Woodland Hills personal injury lawyer Barry P. Goldberg has noticed a new trend in car accident cases—the at fault party refuses to admit fault even though liability is fairly obvious. In additional trend, the insurers of at fault parties are going along with it in an obvious attempt to frustrate deserving and injured claimants. There was a time—believe it or not— that the insurer of an at fault party would independently and objectively evaluate a claim. If their insured was at fault, then the insurer would pay the claim. No more!
What if the Insurer Cannot Speak with its own At Fault Insured?
This is another relatively new wrinkle that the public faces in the obvious at fault insured scenario. The insurer makes a very half-hearted effort to contact its own insured to get the insured’s version of the facts. Without that statement, the insurer will refuse to admit liability even in the clearest of circumstances, such as a rear-end accident.
This lack of effort on the insurer’s part can be devastating to an innocent accident victim, especially when the injured party does not maintain collision coverage for the accident. For the entire time the insurer does not get a confirmation, the injured party goes without a vehicle or a rental car even though he or she was clearly not at fault for the accident. Try explaining this to an upset personal injury client!
There is a simple explanation why these wayward at fault insureds are not held accountable. These days, the insurance adjusters are way overworked and are assigned way too many files. As a result, it is difficult, if not impossible, to speak directly with the handling adjuster.
Rather, our office has experienced the phone tag run around on almost every case. The adjusters do not take incoming phone calls during a normal work day. On their messages, they commit to returning the phone call within 24 hours (Then, they say something like “we are committed to excellent service, etc.!’) Very often, at our law office, we are receiving the return calls very early in the morning of the next day before our office is opened and well before normal business hours. We return the phone calls during regular business hours and it starts all over again.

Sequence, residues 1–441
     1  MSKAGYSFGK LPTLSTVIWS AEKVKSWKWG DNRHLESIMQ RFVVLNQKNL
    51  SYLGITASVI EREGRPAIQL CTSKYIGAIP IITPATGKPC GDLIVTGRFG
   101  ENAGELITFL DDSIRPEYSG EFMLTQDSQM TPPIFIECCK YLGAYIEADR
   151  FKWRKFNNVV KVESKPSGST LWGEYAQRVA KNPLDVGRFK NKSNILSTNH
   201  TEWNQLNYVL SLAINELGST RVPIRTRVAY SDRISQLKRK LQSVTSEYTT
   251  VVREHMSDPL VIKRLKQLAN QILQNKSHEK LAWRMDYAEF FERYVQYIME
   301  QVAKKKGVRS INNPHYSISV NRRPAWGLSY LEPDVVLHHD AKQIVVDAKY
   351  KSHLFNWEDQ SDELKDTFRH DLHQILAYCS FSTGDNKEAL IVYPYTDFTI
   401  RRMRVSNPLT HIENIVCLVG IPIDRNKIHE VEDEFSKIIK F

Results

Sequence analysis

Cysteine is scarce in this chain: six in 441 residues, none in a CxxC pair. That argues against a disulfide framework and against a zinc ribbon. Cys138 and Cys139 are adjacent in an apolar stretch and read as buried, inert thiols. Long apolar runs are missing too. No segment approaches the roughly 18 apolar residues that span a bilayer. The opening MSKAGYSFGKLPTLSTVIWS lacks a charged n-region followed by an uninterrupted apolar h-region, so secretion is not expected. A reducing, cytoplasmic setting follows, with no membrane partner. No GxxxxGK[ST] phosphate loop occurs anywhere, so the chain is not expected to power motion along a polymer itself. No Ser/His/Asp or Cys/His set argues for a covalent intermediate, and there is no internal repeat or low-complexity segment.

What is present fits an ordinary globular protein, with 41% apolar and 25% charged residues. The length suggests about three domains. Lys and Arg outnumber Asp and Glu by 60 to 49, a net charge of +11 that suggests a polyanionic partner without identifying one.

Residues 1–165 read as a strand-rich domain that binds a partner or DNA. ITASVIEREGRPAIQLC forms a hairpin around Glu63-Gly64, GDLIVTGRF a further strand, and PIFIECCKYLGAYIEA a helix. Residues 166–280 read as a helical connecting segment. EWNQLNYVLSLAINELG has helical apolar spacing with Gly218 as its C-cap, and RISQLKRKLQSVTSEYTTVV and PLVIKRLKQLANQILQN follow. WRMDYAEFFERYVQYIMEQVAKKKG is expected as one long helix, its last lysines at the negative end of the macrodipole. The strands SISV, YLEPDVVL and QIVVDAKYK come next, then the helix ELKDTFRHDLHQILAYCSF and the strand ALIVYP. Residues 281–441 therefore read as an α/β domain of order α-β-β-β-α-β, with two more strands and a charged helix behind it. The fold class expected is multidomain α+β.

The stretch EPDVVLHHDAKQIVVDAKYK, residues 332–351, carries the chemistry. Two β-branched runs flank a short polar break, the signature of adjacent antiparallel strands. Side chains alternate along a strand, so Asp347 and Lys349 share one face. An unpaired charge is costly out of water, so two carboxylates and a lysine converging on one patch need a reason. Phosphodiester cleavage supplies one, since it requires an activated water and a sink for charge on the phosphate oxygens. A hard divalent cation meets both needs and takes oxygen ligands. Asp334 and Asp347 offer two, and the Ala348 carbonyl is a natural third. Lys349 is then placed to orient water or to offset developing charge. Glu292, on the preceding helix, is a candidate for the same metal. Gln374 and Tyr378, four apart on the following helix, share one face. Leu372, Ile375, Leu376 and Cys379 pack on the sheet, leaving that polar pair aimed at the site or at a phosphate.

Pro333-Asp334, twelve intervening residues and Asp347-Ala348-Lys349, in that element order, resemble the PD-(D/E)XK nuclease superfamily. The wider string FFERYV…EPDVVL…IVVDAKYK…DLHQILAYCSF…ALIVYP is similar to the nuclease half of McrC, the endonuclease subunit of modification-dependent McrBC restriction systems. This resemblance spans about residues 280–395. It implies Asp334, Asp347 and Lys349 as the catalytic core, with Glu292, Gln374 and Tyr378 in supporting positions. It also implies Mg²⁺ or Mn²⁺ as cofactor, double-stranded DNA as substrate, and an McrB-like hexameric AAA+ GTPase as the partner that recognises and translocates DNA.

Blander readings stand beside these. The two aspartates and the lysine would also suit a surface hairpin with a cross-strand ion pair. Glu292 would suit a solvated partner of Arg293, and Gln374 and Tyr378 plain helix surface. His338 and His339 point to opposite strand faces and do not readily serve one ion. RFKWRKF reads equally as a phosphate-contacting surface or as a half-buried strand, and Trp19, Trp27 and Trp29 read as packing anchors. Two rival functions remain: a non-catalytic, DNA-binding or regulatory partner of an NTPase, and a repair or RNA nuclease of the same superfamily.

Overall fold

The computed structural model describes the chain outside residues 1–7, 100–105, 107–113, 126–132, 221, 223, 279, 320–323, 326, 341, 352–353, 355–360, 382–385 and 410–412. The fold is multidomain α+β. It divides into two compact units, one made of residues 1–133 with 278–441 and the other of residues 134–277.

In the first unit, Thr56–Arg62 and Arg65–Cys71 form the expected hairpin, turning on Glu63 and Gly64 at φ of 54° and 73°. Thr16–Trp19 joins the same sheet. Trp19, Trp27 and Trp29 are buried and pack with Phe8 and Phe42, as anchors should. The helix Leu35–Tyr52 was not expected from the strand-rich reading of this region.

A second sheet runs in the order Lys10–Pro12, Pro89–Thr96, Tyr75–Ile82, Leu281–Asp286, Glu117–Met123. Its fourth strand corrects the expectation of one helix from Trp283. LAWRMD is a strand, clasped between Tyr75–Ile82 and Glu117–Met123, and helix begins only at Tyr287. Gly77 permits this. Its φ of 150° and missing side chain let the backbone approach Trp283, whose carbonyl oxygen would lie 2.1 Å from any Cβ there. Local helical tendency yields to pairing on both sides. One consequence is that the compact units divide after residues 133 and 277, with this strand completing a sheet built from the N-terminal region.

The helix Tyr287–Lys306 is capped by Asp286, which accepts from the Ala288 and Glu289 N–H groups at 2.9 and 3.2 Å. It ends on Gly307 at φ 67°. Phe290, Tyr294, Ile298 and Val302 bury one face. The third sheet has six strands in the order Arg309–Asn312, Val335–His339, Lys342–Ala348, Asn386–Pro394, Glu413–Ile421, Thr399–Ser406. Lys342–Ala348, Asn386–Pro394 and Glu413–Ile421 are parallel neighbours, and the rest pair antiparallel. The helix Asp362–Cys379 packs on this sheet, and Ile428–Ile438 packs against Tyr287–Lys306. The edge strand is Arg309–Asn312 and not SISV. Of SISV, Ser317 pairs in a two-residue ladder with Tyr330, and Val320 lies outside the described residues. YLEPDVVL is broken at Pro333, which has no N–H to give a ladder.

It is very fair to assume that these overworked adjusters are playing the same games with their own at fault insureds. The adjuster calls and leaves a message. The at fault insured returns the call at a convenient time (regular office hours, during lunch or after work). They leave a message. Then, it starts over again! The at fault party is simply not that motivated to hunt down the adjuster and admit that they drove their vehicle incredibly negligently causing an accident. They probably figure that they will be cancelled or sur-charged. So, what’ the hurry? They returned the call and showed some minimal effort.
In our law office, after a month of double talk that the adjuster has not yet confirmed liability, we file a law suit to “compel” the at fault insured and the insurance company to talk. Remember, we are talking about a clear and obvious liability situation.
What if the At Fault Party Refuses to Admit Liability After a Complaint has been Filed?
It is not uncommon for insurance appointed defense counsel to continue to refuse to admit liability (and causation and damages) even though liability is objectively obvious. Sometimes our office receives “objections” to questions and requests, essentially stating that “investigation is underway.” So, they can neither admit or deny liability. This is perhaps even more frustrating to an injured plaintiff who can not understand how the legal profession will allow this type of delay and lack of candor to exist. They ask “why aren’t you doing something about this?”